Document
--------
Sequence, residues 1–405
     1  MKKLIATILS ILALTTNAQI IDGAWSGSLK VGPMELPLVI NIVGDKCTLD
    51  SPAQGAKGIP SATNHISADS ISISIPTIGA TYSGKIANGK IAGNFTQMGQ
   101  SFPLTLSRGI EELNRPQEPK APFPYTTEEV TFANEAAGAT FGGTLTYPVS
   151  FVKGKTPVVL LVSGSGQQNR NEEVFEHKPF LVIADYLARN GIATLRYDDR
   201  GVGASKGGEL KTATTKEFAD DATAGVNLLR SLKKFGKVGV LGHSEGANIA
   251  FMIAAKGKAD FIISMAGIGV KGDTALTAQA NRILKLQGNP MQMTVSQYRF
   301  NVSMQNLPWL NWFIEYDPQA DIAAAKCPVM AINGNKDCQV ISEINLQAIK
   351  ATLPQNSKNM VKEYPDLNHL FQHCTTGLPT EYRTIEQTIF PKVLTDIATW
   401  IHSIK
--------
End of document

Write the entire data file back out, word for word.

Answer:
Sequence, residues 1–405
     1  MKKLIATILS ILALTTNAQI IDGAWSGSLK VGPMELPLVI NIVGDKCTLD
    51  SPAQGAKGIP SATNHISADS ISISIPTIGA TYSGKIANGK IAGNFTQMGQ
   101  SFPLTLSRGI EELNRPQEPK APFPYTTEEV TFANEAAGAT FGGTLTYPVS
   151  FVKGKTPVVL LVSGSGQQNR NEEVFEHKPF LVIADYLARN GIATLRYDDR
   201  GVGASKGGEL KTATTKEFAD DATAGVNLLR SLKKFGKVGV LGHSEGANIA
   251  FMIAAKGKAD FIISMAGIGV KGDTALTAQA NRILKLQGNP MQMTVSQYRF
   301  NVSMQNLPWL NWFIEYDPQA DIAAAKCPVM AINGNKDCQV ISEINLQAIK
   351  ATLPQNSKNM VKEYPDLNHL FQHCTTGLPT EYRTIEQTIF PKVLTDIATW
   401  IHSIK